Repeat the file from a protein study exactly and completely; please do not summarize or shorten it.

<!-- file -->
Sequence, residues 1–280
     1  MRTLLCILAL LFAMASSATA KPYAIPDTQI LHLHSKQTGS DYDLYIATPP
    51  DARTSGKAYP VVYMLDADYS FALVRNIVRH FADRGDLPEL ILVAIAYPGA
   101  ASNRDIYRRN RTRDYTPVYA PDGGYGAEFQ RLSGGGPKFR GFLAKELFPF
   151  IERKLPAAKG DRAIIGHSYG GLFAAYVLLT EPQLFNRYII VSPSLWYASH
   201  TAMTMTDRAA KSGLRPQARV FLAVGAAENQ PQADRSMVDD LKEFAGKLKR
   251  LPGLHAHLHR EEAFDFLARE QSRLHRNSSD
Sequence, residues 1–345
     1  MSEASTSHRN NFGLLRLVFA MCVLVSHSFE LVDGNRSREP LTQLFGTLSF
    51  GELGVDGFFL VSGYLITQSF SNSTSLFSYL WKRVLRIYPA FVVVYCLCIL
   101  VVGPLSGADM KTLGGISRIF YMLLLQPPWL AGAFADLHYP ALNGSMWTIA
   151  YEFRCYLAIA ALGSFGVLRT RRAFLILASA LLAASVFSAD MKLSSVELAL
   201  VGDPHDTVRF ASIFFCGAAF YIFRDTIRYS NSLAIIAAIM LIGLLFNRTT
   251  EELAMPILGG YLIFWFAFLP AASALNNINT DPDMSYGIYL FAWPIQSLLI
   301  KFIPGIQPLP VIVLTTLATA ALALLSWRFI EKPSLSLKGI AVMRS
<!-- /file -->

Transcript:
Sequence, residues 1–280
     1  MRTLLCILAL LFAMASSATA KPYAIPDTQI LHLHSKQTGS DYDLYIATPP
    51  DARTSGKAYP VVYMLDADYS FALVRNIVRH FADRGDLPEL ILVAIAYPGA
   101  ASNRDIYRRN RTRDYTPVYA PDGGYGAEFQ RLSGGGPKFR GFLAKELFPF
   151  IERKLPAAKG DRAIIGHSYG GLFAAYVLLT EPQLFNRYII VSPSLWYASH
   201  TAMTMTDRAA KSGLRPQARV FLAVGAAENQ PQADRSMVDD LKEFAGKLKR
   251  LPGLHAHLHR EEAFDFLARE QSRLHRNSSD
Sequence, residues 1–345
     1  MSEASTSHRN NFGLLRLVFA MCVLVSHSFE LVDGNRSREP LTQLFGTLSF
    51  GELGVDGFFL VSGYLITQSF SNSTSLFSYL WKRVLRIYPA FVVVYCLCIL
   101  VVGPLSGADM KTLGGISRIF YMLLLQPPWL AGAFADLHYP ALNGSMWTIA
   151  YEFRCYLAIA ALGSFGVLRT RRAFLILASA LLAASVFSAD MKLSSVELAL
   201  VGDPHDTVRF ASIFFCGAAF YIFRDTIRYS NSLAIIAAIM LIGLLFNRTT
   251  EELAMPILGG YLIFWFAFLP AASALNNINT DPDMSYGIYL FAWPIQSLLI
   301  KFIPGIQPLP VIVLTTLATA ALALLSWRFI EKPSLSLKGI AVMRS